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Can you please tell me what I'm doing wrong and how I should fix it

Discussion in 'Computers, Cabling & Other Miscellaneous Hardware' started by vincerules, Jul 4, 2013.

  1. vincerules

    vincerules Full Time Elf

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    OK, I am trying to get a handle on the power/wiring. I will use my biggest load(most lights) as the example.

    I am outling my rooflines using 2811 10 sections/meter, which is .64 amps/meter according to this thread.
    The power supply I am using is this one from Ray Wu which is 12v/350W and from the sticker it says 29A.

    80% max load = 23.2A
    85% max load = 24.65

    For my rooflines, I have 420 total pixels.
    So I divide that by 10 to get meters = 42.
    42 * .64 = 26.88

    So if my math is correct, I am overloaded and should split these into two power supplies, correct?

    Now onto the cabling. I am using this 18 gauge speaker wire from Monoprice.
    I inject power every 50 pixels(or standard 5M length), so the most 1 cable run would need to power is 100 pixels (since I would inject between 2 sets of 50). Conductor resistance is .023

    The longest run is probably ~20 feet away, but lets use 10 meters for ease of math and extra length room.
    10 * .023 = .23ohms * 2 = .46ohms total return circuit resistance
    100 pixels = 10 meters of lights * .64/ampspmeter = 6.4 amps
    6.4 * .46 = 2.944v
    12v - 2.944v = 9.056
    24.6% voltage drop, I'm assuming that is not acceptable.

    Or should I be doing it for only 50 pixels since the circuit does not actually go through all 100 pixels and back but instead gets split into 2 sets of 50.
    50 pixels = 5 meters * .64 = 3.2
    3.2 * .46 = 1.472v
    12 - 1.472 = 10.528
    12.3% voltage drop. Is that accetable?

    Do I need to use thicker gauge wire for the longer runs?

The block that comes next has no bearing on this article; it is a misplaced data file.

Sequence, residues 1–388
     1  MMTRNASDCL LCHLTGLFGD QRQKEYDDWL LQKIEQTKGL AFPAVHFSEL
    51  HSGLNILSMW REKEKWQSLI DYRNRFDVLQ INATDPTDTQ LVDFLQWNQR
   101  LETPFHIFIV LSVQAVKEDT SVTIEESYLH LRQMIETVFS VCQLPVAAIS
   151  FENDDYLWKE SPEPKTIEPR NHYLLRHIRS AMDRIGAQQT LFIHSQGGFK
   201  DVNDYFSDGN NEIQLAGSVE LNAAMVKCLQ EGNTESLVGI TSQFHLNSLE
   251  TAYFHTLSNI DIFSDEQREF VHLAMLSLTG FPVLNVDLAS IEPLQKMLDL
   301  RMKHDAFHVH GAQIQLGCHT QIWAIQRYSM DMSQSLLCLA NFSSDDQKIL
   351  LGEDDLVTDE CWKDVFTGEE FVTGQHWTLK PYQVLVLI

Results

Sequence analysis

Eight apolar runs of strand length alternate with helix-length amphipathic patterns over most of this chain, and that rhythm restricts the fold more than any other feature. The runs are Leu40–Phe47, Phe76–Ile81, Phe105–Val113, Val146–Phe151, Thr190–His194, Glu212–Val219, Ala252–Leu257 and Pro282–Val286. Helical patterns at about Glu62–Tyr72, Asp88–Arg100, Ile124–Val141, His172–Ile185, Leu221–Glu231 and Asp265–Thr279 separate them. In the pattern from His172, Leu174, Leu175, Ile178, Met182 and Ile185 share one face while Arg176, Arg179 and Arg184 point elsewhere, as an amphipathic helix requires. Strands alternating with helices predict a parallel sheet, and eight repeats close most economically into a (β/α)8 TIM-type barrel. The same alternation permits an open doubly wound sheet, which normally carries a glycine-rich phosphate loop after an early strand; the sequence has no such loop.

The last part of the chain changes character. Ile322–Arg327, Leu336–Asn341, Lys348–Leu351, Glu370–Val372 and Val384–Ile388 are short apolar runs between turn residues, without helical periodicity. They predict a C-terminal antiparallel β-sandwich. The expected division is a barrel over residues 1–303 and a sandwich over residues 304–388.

Is my math correct? I am doing this while reading through the ACL manual (for the 1000th time) and trying to make sense of it all.

    Thank you for taking the time to read this and any help you can give.
     
  2. AAH

    AAH I love blinky lights :) Community Project Designer

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    Based on the 2811 spec which current limits the leds in the pixel to 18.5mA your current for 400 pixels should equal 420x3x0.0185=23.31A when every pixel is turned on to white. I would be happy enough to use the 1 power supply to run those 420 pixels.
    As for your power injection / voltage drop, as long as you haven't dropped much more than 2V anywhere along the pixel run you should get very uniform colours with the 12V 2811 pixels. The way in which you inject will affect the voltage drop. If you just run the power injection wire in parallel with your pixels and tap off at every injection point you will have a greater voltage drop than if you bring each injection point back to the power supply.
    The power injection with 12V pixels is nowhere near as critical as it is with 5V ones and with the 3 leds per chip in the 12V strip means that anything above 9V at the chip will give you sufficient volts to reach the 18.5mA where it current limits at.
     
  3. OP
    OP
    vincerules

    vincerules Full Time Elf

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    Awesome, thanks for the reply AAH!

    For injecting, I run a new cable from the PS to the injection point every time.

    Thanks again!
     
  4. damo1271

    damo1271 Full Time Elf Generous Elf

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    This raises an interesting conundrum!
    Which is more cost effective and which is simpler?
    Having a more runs of thinner wire back to the PSU vs fewer runs of heavier wire?

    The maximum wire length Vince can run is around 15m if he needs to keep the voltage drop less than 2V. If any run is more than 15m he needs 'fatter' wire! (lower resistance/m)

    Given the linear relationship of Ohms law, then if the price of cable having 1/2 the resistance, (ie 12.5mOhm/meter) is less than double the price of the 23mOhm/m wire, then would it be better to use less runs of the heavier guage cable and power two strings off each run? (Same equivalent voltage drop)
    It also makes for less wires in the display and simpler wiring back at the power supply!

    For a few pixel runs it probably makes no real differnece, but when I read about the people who have kilometers of wiring in their display it may make a big difference in cost.
    After all, less money on wires = more money for lights. :)
     
  5. jediknight2

    jediknight2 Full Time Elf

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    I used 2801 pixels last year and got away with injecting every 200 pixels. They were "homerun" injections, meaning every injection came directly from the PS. I used 18 gauge SPT2 wire and some left over speaker wire for my injections and everything ran like it should.
     

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